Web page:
Bathrooms shared among multiple individuals are a common hotspot for spreading illness, regardless of pandemics. Therefore, self-flushing toilets, automatic faucets, and virus- and bacteria-resistant fixtures, especially for doorknobs, are small design features that deliver a significant positive health benefit. Smart-home technologies and app-based home automation, already offered in many apartment communities, may provide new ways to minimize contact with surfaces and devices, in addition to the obvious conveniences many tech-savvy renters currently appreciate.
Handling packages safely
While COVID-19 has accelerated consumer adoption of delivery services, the convenience consumers are now accustomed to will support a permanent increase in the usage of these services. A coded drop-box system may have previously been considered a perk but will now likely become a must have. Add hand sanitizers or hand wipes at drop boxes to clean packages before bringing them inside as an extra protective measure.
Since humans are innately social, community spaces will continue to be important, so the challenge is how to design these spaces to remain social while also supporting public health. Design large group spaces, such as a roof deck, clubhouse, or co-working space, with small group breakaway spaces; these spaces accommodate physical distancing protocols and provide a balance of privacy and connection.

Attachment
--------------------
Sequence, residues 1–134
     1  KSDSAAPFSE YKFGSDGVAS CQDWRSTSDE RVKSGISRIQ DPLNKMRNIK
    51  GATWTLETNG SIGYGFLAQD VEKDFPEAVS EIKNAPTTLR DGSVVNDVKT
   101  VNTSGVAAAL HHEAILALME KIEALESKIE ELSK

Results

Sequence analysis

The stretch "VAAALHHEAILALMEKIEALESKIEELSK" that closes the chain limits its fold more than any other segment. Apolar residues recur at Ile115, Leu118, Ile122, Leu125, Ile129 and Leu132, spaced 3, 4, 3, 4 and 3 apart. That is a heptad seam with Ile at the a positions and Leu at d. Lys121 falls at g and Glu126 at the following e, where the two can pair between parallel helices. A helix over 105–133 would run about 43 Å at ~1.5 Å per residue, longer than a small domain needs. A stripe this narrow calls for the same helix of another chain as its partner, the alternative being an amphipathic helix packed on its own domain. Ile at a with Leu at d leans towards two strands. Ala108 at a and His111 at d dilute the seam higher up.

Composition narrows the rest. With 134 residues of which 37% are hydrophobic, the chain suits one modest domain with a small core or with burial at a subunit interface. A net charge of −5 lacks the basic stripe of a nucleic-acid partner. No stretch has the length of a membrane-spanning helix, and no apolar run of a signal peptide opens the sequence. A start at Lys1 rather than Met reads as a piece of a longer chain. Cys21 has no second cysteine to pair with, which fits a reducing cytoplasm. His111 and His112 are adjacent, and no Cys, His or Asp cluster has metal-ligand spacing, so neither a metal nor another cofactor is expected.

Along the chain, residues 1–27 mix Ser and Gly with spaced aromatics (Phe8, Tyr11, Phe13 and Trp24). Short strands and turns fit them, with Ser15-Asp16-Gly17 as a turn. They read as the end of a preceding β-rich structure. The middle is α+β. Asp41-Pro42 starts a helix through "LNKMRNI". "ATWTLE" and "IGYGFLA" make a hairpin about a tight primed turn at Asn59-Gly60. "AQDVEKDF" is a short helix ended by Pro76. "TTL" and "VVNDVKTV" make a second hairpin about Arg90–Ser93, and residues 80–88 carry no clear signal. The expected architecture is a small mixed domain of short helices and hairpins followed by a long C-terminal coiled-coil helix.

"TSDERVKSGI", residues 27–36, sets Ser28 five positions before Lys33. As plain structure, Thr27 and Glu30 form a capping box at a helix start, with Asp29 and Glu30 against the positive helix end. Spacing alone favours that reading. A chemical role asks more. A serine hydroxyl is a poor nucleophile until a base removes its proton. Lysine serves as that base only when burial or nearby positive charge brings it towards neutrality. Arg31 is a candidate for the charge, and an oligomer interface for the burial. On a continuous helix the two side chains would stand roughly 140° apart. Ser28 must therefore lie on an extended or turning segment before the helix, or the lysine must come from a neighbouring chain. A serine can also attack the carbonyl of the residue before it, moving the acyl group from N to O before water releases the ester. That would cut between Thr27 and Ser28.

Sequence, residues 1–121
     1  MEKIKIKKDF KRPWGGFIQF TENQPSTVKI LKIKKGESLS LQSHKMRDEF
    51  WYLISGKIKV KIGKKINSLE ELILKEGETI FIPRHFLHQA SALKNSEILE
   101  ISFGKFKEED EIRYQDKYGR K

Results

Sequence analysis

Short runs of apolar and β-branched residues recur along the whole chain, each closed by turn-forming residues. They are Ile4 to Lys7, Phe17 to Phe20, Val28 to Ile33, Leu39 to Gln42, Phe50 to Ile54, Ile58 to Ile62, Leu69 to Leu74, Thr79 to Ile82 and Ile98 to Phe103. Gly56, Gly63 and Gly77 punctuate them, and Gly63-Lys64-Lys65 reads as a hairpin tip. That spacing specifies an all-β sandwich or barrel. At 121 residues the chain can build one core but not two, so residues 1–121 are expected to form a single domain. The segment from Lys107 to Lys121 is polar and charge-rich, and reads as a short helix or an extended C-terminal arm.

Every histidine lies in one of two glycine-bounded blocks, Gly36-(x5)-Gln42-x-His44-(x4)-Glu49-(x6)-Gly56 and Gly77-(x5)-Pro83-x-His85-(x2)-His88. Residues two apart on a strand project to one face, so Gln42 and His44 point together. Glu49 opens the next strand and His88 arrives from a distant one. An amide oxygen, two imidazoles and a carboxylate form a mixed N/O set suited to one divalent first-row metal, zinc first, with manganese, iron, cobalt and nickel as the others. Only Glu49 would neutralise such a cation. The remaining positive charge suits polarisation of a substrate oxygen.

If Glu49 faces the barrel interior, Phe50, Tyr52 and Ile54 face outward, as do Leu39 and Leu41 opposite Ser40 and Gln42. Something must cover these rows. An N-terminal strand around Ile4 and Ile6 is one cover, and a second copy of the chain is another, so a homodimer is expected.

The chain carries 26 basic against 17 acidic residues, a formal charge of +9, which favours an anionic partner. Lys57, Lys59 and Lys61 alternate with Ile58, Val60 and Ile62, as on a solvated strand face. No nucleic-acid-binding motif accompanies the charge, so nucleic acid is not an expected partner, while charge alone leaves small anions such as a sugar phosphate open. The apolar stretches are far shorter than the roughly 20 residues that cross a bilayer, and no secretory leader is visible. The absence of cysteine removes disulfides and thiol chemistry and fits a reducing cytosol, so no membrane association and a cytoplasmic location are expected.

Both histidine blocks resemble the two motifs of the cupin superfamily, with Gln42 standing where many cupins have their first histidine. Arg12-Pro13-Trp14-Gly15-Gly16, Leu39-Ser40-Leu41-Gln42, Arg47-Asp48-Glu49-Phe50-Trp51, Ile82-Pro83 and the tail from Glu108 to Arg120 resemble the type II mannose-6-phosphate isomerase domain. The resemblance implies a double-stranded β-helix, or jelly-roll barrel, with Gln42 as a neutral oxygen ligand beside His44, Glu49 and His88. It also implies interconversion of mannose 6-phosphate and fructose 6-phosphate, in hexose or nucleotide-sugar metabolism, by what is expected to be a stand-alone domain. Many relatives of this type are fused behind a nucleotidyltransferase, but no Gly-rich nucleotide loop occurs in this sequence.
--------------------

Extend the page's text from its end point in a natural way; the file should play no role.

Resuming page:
Design amenities to maximize sunlight and enhance air circulation, and consider implementing air purification systems, furnishing with microbial resistant materials and integrating touchless door systems, or establishing sanitation stations to help residents feel safer using your community amenities. Practices geared towards reducing occupancy in common use areas, by increasing personal legroom or compartmentalizing larger indoor spaces, may lead to changes in national, state or local building codes and standards that have long been applied to determine occupancy levels, as well as the capacity of such spaces to accommodate various uses and activities.
Co-living models face unique challenges in that these may be strangers living together, which may increase resident concerns about safety. But as roommate situations are very common in the traditional for-rent market, similar solutions are applicable to both. If possible, consider layouts that provide private or multiple points of entry to the unit as an alternative to a single entry through the communal spaces.
If that is not possible, touchless entry provides an alternative. If bathrooms will potentially be shared, as in a traditional roommate model, consider touchless entries or microbial-resistant doorknobs. Also consider touchless lights, faucets and toilets. Additionally, zoned air purification systems can address indoor air safety concerns.
Given the longevity of residential buildings and the increasing expectations for designing buildings to allow for maximum flexibility and future re-use, it’s important to reevaluate how we approach design as it pertains to health and wellness, as well as how it adapts to, or even anticipates, changing user habits and preferences in order to get ahead of trends.
Author Jirair Garabedian, Dahlin Group